Looking through the eyes of seven Israeli and Palestinian children living in and around Jerusalem, “Promises” provides deeply humanistic insight into the complexities of the Middle East conflict that political analysis or front-line news coverage often lacks. A surprise winner of the Rotterdam fest’s audience award, this nonprofit peace project’s exhaustive backgrounding and nonpartisan position, coupled with its personal, affecting focus and its wrenching sense of stolen innocence make it a prime item for public television and other docu forums.
Well-crafted film was shot during a period of relative calm from 1997 to summer 2000, just prior to the outbreak of an intifada, or Palestinian uprising, in the fall of that year. An American raised in Jerusalem who speaks both Hebrew and Arabic, B.Z. Goldberg (who co-directed with Justine Shapiro and Carlos Bolado) acts as an onscreen interlocutor and later mediator with the subjects, most of whom live within a 20-minute radius in a fiercely divided city and have little direct knowledge of each other’s lives.
Aged between 11 and 13 during initial interviews, the principal subjects include Yarko and Daniel, two secular Israeli twins; Moishe, a right-wing Jew; angel-faced hard-line Hamas supporter Mahmoud; Shlomo, the ultra-orthodox son of an American rabbi; and Sanabel and Faraj, two Palestinians living in the Deheishe refugee camp.
While some of the kids are more flexible and open to dialogue than others, what registers most strongly at first is the way resentment, hatred, incomprehension, death, loss and the revenge instinct have been absorbed into their fiber. The children tell their stories of growing up amid the conflict with tender matter-of-factness and with frequent glimpses of a more hardened, adult nature than their years would indicate.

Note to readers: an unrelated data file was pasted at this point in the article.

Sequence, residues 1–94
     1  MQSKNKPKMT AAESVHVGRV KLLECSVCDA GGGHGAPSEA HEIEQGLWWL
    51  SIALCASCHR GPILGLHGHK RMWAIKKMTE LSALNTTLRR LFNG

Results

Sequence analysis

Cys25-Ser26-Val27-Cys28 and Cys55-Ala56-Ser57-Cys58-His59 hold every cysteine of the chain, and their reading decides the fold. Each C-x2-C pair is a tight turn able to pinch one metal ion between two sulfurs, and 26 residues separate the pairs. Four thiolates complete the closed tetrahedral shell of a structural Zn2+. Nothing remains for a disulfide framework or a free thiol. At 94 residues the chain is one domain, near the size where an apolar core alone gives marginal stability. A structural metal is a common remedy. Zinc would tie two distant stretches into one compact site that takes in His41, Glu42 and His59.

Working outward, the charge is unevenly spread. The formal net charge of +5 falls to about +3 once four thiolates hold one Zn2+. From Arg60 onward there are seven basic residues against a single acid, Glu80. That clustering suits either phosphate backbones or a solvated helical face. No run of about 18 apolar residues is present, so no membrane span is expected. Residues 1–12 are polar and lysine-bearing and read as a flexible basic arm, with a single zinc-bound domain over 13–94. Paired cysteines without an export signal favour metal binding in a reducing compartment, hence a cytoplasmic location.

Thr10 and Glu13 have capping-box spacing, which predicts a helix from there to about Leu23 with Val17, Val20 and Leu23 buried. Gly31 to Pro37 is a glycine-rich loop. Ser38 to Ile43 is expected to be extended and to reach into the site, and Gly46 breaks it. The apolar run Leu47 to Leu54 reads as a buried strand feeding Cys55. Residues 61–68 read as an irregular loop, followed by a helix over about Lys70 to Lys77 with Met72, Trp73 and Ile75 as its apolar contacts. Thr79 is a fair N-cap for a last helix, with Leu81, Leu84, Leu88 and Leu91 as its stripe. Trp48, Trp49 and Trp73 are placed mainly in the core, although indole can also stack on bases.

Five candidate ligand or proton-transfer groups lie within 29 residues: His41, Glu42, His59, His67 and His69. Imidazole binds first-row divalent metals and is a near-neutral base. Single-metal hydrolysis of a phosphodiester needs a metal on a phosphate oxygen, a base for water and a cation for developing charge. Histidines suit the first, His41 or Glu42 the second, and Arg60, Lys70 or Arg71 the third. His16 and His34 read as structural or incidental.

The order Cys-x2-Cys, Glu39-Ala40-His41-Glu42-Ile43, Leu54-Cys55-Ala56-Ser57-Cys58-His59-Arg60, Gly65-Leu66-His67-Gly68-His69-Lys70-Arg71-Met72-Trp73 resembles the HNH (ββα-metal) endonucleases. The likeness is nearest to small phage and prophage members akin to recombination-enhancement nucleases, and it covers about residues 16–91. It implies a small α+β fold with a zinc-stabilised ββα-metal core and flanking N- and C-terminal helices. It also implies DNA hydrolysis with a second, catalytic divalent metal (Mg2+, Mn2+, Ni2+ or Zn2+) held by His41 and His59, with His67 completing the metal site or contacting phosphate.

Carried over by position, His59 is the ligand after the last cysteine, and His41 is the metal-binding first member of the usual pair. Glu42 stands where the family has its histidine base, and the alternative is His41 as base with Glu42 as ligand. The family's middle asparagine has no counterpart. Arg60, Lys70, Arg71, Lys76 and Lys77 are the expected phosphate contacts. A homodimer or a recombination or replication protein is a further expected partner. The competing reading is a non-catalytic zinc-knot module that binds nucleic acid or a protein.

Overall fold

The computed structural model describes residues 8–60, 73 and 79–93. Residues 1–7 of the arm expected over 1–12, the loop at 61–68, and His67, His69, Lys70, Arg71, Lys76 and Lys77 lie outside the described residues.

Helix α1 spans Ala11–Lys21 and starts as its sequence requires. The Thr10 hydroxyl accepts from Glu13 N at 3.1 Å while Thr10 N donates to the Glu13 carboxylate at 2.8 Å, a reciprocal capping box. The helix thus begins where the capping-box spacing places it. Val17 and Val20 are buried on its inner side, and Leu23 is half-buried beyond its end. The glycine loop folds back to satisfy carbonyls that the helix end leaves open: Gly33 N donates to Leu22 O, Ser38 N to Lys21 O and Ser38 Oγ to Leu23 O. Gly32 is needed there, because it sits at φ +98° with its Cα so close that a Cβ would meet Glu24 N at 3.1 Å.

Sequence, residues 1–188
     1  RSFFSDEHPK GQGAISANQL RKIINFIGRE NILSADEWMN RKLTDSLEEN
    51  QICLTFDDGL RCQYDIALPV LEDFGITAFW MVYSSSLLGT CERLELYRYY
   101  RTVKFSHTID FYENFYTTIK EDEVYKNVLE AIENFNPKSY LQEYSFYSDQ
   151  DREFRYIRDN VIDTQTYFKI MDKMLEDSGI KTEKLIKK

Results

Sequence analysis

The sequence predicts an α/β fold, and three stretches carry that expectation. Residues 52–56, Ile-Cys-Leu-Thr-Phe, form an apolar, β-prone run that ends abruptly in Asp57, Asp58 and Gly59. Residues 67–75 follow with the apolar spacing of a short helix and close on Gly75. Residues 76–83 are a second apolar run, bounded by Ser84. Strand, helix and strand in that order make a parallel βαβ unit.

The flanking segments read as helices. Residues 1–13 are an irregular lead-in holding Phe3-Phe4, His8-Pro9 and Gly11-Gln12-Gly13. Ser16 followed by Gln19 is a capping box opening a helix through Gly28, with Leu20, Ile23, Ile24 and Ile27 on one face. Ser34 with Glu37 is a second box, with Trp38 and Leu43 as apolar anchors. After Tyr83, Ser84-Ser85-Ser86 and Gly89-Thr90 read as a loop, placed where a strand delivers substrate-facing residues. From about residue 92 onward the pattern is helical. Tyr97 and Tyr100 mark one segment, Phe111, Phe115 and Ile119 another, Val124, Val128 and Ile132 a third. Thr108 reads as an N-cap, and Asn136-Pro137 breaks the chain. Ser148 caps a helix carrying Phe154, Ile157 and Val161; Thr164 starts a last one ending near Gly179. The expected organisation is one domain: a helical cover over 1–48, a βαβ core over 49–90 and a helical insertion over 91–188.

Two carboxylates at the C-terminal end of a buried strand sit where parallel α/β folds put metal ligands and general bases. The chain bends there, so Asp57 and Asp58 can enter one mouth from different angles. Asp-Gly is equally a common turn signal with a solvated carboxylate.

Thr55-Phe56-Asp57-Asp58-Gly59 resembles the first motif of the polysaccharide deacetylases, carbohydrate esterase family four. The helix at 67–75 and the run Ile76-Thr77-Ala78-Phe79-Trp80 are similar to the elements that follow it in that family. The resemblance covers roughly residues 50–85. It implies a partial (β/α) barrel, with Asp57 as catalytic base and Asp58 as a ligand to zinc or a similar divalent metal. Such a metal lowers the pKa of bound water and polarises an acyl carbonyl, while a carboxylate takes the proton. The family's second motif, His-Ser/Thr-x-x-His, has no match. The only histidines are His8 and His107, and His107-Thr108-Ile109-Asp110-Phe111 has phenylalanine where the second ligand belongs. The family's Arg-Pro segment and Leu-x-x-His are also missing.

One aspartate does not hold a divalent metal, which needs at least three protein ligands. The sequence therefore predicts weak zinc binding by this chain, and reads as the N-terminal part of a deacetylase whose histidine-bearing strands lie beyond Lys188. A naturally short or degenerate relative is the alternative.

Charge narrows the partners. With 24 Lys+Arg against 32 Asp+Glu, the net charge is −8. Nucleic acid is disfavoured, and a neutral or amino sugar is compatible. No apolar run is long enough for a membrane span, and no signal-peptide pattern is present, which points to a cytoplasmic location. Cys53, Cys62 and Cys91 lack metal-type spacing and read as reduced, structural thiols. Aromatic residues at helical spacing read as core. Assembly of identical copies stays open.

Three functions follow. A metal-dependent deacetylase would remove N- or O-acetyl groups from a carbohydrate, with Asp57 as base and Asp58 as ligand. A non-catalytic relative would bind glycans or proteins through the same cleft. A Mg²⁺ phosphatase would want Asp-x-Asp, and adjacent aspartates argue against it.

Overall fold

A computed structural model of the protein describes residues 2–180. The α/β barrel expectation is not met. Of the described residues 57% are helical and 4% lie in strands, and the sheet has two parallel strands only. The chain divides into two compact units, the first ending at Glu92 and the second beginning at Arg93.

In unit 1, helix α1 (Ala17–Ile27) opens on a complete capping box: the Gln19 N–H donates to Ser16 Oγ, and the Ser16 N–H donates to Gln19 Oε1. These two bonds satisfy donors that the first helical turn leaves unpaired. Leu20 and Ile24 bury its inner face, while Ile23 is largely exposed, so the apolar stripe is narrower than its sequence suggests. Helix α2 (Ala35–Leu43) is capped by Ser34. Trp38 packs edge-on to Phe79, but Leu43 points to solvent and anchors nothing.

The twins — perhaps the most open-minded of the interviewees — talk of boarding buses in the wake of constant terrorist bombings, warily looking for suspicious characters. A third-generation Palestinian refugee weeps when speaking of letters from her father, a journalist and political activist held in prison for two years without being formally charged or put on trial. Another Palestinian boy recounts seeing his friend shot and killed by soldiers for tossing a stone through a window.
Backed by an illuminating recap of the events that established the divide, this main body of the film could be more concise. But it remains absorbing as each child reveals his understanding of and at times adherence to extremist positions and the children’s varying degrees of openness to considering opposing viewpoints.
The docu becomes most interesting when Goldberg convinces the twins to travel with him to Deheishe to meet Faraj, Sanabel and other Palestinian kids, representing the first encounter for any of them with people from the other side. As their day together unfolds, the children quickly forget their differences over a soccer game and a meal, with their eagerness to know each other better revealed in the discussion that follows. In the film’s most touching moment, Faraj, who previously was the most skeptical about the encounter, breaks down with pragmatic sadness about the impracticality of maintaining friendships from opposite sides of a military checkpoint.
That sadness is echoed in a more poignant way when the kids are interviewed again two years later in 2000. Some profess to want increased interaction with a view to peace and mutual respect, others have detached themselves from concerns of peace, still others have reinforced their intransigent position. What the epilogue conveys most strongly, however, is that as they leave behind childhood innocence and adopt the more rigid thinking of adults, the distance between them has widened.